In other words, putting the customer first in everything you do is good for business. So why is it so hard to do?
Most companies now claim to focus on “customer experience,” but that doesn’t mean they have a customer-focused company culture. There are usually tell-tale signs when the culture is veering off course. But often, it’s simply that the company has no shared vision of what it means and looks like to be customer-centric. And without that, it’s nearly impossible to build buy-in with executive leadership and employees.
How do you transform your company culture?
While it takes time to build buy-in and change processes across an entire business, the most successful initiatives start at the top. With executive sponsorship to drive customer-centric changes, employees can better understand the big picture impact of delivering great customer experiences.
It’s also key to rally the organization around a shared vision — such as your customer value proposition — to help everyone identify with the key benefits you offer and why it matters to customers.
Once you’ve got a powerful foundation for your customer-centric vision, you need to help everyone bring it to life. That means building buy-in with employees at every level (whether customer-facing or behind the scenes) so everyone understands how they play a role in optimizing the customer experience through every interaction.
5 strategies for motivating employees to be customer-centric
Communications are crucial to building buy in when you’re trying to transform your company culture. Employees need to understand what’s happening, what’s expected of them, and how they play a role in driving measurable success.
Engage team members across the organization with creative communications that highlight ways to put the customer first. Make it relevant to their work. Team brainstorm sessions or videos on your company intranet are a great way to build understanding. And keep it alive in your workplace using eye-catching posters with customer-focused themes to help employees connect with what matters to your customers.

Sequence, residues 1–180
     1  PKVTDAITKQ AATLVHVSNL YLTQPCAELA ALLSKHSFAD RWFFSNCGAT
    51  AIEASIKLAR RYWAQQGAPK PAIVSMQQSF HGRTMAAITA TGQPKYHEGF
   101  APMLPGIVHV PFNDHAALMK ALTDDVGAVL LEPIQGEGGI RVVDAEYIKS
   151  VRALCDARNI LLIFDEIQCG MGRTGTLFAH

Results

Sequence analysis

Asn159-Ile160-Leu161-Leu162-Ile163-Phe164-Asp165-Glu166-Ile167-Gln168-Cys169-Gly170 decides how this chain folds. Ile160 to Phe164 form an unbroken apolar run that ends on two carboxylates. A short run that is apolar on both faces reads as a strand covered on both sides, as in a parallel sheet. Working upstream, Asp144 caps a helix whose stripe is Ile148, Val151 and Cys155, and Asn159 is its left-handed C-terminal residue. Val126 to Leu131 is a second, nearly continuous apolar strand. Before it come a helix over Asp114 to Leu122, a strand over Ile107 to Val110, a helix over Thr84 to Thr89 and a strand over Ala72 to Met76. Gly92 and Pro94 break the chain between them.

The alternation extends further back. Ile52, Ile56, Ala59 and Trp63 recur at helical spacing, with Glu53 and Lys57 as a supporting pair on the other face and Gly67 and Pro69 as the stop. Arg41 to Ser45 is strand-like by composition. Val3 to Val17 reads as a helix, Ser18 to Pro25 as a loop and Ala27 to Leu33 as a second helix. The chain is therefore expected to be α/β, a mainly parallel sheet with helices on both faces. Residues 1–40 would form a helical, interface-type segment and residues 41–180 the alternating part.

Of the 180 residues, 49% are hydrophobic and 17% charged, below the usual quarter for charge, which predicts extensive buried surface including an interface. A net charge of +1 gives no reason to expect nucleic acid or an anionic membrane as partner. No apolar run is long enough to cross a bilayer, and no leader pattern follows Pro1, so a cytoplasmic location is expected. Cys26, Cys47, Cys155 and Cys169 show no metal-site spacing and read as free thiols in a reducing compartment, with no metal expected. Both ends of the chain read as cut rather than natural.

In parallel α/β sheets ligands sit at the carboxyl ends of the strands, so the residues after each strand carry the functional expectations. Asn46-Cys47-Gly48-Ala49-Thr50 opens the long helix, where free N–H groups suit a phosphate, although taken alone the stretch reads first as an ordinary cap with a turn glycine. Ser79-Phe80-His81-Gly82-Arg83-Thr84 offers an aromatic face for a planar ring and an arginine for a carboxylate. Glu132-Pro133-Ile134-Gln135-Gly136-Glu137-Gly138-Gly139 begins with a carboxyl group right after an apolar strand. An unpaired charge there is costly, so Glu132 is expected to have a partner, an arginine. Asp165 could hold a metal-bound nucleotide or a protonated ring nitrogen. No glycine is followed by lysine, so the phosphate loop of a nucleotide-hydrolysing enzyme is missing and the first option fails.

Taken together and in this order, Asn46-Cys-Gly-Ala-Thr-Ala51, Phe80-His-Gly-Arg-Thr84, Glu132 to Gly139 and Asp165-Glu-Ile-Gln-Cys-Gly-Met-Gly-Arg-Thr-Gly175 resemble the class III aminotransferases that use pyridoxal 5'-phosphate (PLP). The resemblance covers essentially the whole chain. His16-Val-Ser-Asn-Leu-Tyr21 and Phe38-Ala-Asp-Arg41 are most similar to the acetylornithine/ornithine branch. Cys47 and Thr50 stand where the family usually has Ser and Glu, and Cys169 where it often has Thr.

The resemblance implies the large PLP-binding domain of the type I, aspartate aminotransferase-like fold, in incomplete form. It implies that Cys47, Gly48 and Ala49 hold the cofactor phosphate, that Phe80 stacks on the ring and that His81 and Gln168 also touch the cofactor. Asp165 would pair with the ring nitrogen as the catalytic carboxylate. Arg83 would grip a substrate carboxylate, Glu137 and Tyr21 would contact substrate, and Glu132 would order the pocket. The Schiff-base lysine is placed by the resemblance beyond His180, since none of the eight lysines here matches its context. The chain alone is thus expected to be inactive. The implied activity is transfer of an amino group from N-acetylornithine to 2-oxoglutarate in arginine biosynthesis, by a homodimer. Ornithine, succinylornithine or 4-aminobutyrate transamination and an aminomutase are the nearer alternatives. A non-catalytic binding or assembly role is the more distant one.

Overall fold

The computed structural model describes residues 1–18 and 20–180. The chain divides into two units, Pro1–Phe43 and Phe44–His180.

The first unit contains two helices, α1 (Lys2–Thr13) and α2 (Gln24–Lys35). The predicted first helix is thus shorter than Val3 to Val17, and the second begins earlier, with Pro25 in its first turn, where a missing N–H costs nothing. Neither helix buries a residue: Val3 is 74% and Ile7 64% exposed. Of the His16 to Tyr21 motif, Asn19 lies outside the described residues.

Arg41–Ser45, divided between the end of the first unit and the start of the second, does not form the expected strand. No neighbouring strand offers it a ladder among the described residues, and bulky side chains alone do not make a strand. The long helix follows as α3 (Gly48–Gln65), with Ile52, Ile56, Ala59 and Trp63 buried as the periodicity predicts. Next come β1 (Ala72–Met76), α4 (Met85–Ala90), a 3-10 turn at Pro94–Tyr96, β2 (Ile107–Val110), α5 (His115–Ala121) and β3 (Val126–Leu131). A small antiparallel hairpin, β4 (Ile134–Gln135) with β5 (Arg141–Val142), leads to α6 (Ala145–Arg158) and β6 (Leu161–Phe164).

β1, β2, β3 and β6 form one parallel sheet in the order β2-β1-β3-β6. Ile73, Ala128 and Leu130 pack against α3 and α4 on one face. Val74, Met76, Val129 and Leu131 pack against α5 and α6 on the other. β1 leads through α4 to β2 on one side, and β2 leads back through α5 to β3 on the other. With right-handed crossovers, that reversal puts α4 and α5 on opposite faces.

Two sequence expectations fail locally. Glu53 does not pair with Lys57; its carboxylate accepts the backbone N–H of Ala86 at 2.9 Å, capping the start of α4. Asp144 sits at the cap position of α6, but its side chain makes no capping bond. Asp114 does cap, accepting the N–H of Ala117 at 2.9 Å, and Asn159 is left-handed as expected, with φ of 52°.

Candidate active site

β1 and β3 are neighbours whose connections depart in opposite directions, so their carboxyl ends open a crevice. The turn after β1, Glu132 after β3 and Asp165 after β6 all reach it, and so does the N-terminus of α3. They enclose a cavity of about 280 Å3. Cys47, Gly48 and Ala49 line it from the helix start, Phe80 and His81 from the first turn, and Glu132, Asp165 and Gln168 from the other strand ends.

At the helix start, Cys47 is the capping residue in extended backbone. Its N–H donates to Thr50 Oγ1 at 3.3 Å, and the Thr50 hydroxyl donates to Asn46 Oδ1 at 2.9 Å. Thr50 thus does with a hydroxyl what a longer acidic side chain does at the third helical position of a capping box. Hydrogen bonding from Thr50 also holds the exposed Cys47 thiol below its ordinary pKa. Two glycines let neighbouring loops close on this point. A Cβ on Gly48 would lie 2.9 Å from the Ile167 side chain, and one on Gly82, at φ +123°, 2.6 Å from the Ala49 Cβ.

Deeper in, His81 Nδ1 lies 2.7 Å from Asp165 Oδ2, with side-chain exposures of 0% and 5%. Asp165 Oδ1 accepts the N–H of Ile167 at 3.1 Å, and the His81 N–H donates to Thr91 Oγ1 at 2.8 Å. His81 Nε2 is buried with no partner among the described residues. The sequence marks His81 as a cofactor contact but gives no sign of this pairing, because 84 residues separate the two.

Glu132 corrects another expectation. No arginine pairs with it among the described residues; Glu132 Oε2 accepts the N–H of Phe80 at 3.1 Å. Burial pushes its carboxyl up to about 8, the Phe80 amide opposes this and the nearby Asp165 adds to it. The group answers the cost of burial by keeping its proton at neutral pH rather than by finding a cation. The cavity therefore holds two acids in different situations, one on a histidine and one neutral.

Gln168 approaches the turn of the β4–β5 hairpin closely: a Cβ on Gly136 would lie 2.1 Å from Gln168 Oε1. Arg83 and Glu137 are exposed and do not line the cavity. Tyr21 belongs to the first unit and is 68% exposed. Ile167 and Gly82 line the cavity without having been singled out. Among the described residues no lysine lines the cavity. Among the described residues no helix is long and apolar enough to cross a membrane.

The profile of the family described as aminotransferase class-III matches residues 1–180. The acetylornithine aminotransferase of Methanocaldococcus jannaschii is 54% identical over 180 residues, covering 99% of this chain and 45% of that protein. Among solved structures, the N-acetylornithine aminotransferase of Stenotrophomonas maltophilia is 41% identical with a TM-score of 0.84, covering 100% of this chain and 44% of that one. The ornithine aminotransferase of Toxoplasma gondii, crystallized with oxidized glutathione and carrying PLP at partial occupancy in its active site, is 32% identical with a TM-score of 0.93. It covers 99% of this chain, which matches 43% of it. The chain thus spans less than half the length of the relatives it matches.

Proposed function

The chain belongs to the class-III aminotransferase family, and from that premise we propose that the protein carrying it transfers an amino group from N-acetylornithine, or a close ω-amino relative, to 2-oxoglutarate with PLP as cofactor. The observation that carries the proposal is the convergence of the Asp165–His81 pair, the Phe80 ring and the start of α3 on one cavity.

Make it easy for employees to learn how to deliver exceptional experiences through everyday moments and “moments that matter” with customers. Hands-on workshops and best practice tools are highly effective in helping employees understand how to think and communicate in customer-focused ways. As they shift toward customer-centric language and behaviors, people can more easily see the difference it makes in strengthening relationships and building brand loyalty.
Incentives such as raises, promotions, and bonuses can motivate employees to go the extra mile for customers. However, rewards don’t have to be monetary to be effective. Simply celebrating employees who deliver outstanding customer experiences is a meaningful way to acknowledge their efforts and boost morale.
Rewarding customer-centric behaviors can be powerful in “moving the needle.” Businesses that are very process-oriented may be used to focusing on functional responsibilities, more than the people they’re serving. By shifting focus to the customer, employees may see they can have a real impact on satisfaction, retention, and profitability, which reward the company as a whole.
Rituals and routines
To help reinforce customer focus, encourage your teams to share success stories about their engagement with customers, and role-play to gain empathy on how customers experience your company at various touch points. At Ritz-Carlton Hotels, for instance, employees have 15-minute meetings, or “daily lineups,” during which team members share the positive guest experiences they delivered the day before. It’s an effective way to build customer-centric momentum and continuously highlight best practices that other employees can adopt.
As you evolve the customer-centric culture across your company, you’ll gain a clear sense of what an ideal customer-focused employee looks like, so you can hire the right people. When you post job descriptions, clearly convey how and why customer experience is a key focus in your company. Create interview questions and screening tools that help identify candidates with desirable behaviors and traits.
During onboarding, familiarize new employees on what it means to be customer-centric in your organization, and support them with training and communication tools, as noted earlier.
For most companies, your customer experience IS your employees, directly or indirectly —so it’s simply good business sense to invest in building a customer-centric culture.
To drive that transformation across an enterprise, sustain momentum with ongoing communications that empower your employees by celebrating successes and reinforcing customer-centric excellence. As the culture shifts, you’ll start evolving into even better ways to build stronger, more profitable customer relationships.
Source: Customer Think